A well-crafted piece of rhetoric, delivered with an (uneven) attempt at varied intonation and feeling, the address represented a nice save for the frequently wooden Frist after his disastrous turn at the Republican Jewish Coalition’s winter meeting in Florida. (One listener described the Florida address as being so dull, it acted “like a vortex of negative energy.”)
Frist’s improving delivery ought to be noted by his rivals for the 2008 Republican presidential nomination, such as Senator George Allen of Virginia, who did not attend this week’s Aipac event.
Senate Minority Leader Harry Reid, for his part, showed why some Nevadans have dubbed him “Dreary Harry.” Reid, a laconic and plainspoken Democrat, meandered and swallowed his words as he talked of visiting Israel’s Holocaust memorial, Yad Vashem, on a recent trip. He also made the mistake of lauding Israel’s vice premier, Laborite Shimon Peres — not the most popular figure with the more hawkish Aipac crowd. Reid said it was a “thrill” to talk to Peres, and he insisted that Peres was among the wisest politicians he knows. But Reid clearly was preoccupied with the deal on judicial filibusters that Senate moderates had finalized that day. “The republic is saved!” he cried as he commenced his address. “The nuclear option is off the table.”
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Candidate, Candidate: Several folks seeking office, or higher office, made the scene at the banquet, including Rhode Islanders Sheldon Whitehouse, a former attorney general, and Secretary of State Matt Brown. Both are hoping to oust Senator Lincoln Chafee, a Republican. Also present were Pennsylvania State Treasurer Bob Casey, looking to dislodge Senator Rick Santorum, a Republican; Texas attorney Barbara Radnofsky, a Democrat aiming for the seat of Senator Kay Bailey Hutchison, a Republican, and Maryland House members Ben Cardin and the as-yet-unannounced Chris Van Hollen, Democrats vying for the seat being vacated by Senator Paul Sarbanes. The banquet was the place to be: More than half of both houses of Congress attended the repast, which featured sesame-encrusted salmon and kosher wine.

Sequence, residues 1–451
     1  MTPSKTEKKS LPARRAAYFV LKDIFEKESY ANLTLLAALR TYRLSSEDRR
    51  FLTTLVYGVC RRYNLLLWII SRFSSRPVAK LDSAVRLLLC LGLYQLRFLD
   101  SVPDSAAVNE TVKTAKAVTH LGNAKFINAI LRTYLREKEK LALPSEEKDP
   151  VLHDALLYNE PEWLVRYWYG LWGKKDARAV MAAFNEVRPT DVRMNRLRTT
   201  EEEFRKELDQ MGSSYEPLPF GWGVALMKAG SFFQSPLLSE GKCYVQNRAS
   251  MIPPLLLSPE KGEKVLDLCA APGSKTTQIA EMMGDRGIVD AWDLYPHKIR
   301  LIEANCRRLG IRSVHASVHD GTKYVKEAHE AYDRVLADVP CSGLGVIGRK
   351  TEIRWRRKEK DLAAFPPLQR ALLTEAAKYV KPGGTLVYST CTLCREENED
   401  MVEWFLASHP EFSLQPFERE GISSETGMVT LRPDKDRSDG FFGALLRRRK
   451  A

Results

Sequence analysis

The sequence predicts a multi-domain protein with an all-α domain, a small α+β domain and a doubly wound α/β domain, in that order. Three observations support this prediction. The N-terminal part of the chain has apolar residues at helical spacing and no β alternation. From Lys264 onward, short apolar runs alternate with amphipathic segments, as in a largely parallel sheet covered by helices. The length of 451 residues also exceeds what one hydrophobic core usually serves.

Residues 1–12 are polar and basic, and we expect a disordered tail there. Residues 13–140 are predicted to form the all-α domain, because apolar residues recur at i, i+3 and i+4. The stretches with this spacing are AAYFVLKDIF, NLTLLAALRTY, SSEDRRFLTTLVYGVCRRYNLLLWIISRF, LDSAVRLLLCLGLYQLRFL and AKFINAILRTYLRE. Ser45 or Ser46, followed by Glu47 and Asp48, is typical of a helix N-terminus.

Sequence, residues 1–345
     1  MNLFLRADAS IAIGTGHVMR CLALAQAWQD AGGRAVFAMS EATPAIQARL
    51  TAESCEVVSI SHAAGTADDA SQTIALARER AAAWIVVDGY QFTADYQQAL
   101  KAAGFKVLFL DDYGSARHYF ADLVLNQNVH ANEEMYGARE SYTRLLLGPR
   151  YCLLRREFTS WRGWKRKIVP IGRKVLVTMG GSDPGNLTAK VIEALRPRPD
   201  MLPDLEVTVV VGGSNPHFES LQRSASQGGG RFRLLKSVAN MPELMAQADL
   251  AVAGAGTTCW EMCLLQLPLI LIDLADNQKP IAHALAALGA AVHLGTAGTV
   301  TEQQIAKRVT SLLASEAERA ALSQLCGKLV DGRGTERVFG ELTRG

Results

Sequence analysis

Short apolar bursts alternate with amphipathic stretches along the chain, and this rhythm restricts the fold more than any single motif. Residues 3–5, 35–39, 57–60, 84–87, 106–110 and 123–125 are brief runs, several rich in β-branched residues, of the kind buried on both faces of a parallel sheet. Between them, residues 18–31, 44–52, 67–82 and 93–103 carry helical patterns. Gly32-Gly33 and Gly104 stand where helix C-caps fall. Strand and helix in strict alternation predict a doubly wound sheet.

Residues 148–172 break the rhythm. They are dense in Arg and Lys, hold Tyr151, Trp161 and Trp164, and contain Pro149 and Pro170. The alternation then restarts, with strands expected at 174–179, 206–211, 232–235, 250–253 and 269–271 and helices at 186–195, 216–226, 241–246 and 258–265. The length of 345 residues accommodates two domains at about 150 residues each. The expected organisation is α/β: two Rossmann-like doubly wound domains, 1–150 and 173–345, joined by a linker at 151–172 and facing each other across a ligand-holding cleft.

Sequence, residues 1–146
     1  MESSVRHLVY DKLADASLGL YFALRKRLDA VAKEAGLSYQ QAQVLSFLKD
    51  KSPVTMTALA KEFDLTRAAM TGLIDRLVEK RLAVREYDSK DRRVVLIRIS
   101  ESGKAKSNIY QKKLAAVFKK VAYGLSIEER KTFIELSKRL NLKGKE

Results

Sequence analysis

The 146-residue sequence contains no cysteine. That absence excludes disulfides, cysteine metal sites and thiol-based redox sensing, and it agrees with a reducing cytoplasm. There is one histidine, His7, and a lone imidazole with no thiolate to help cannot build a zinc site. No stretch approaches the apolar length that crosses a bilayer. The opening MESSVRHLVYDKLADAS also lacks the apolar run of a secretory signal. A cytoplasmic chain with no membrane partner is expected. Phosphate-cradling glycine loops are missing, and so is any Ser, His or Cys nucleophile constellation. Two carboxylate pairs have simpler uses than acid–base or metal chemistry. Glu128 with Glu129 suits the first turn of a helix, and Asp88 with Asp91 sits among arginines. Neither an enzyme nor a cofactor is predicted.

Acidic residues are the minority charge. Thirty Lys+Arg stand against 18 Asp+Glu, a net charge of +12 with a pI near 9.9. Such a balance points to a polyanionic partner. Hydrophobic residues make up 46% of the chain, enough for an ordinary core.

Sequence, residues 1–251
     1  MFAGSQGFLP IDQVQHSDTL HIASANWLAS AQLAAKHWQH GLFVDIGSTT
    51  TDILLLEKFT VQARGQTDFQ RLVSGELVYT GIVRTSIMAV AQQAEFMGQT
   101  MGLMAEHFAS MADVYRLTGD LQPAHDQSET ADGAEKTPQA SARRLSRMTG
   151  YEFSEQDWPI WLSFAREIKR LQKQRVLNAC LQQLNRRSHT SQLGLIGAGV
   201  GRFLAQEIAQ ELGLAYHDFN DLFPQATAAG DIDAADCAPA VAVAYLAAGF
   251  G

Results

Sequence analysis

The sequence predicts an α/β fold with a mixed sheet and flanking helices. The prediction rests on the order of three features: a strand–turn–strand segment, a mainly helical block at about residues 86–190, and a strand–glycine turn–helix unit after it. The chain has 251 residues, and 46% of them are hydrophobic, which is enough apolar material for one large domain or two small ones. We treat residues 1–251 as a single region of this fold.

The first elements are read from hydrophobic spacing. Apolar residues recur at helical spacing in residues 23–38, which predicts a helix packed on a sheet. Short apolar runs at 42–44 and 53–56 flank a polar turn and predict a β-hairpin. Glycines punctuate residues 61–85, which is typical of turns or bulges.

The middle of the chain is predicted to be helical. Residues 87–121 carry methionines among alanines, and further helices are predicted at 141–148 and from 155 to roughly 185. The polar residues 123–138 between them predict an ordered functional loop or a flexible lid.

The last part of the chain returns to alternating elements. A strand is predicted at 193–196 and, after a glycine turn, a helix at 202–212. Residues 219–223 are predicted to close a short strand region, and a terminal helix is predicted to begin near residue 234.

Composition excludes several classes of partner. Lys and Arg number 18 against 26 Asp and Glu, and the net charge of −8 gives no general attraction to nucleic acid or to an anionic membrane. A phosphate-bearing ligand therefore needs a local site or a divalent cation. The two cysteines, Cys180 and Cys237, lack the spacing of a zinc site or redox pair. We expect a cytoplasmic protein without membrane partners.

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Tom DeLay, Shoo-in: The ethical questions about lobbyist-funded overseas trips swirling around House Majority Leader Tom DeLay are not damaging the Republican’s re-election chances in his Texas district, according to several Houstonians quizzed at the Aipac conference.
“He’s popular in his district,” said Lawrence Finder, a Republican.
Activist Richard Bamberger said he would be raising money for DeLay, whom he called “a strong supporter of our issues.”
“When you live in a glass house, you shouldn’t throw rocks,” Bamberger said of DeLay’s Democratic critics.
Asked if DeLay would win re-election, former Aipac president Melvin Dow said, “Probably.”
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Fast Response: State Rep. David Orentlicher of Indianapolis had a quick retort when asked by Campaign Confidential whether he has any good races in his state.
“We have the 500 next week,” he said.
Speaking about moving fast, Orentlicher reported that Indiana Senator Evan Bayh, known as a centrist, “is setting up his campaign committee” for a shot at the 2008 Democratic presidential nod. “Some people who worked for him in past campaigns are moving to Washington,” Orentlicher said.
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Odd Couple: Former Aipac president Lonny Kaplan, a New Jersey trial lawyer and Democrat, told the Forward he is “helping to arrange fund-raising events around the country” for the 2006 re-election bids of senators Hillary Rodham Clinton, a New York Democrat, and Santorum, one of the Senate’s most conservative GOPers. Apparently, when it comes to pro-Israel activism it takes a village.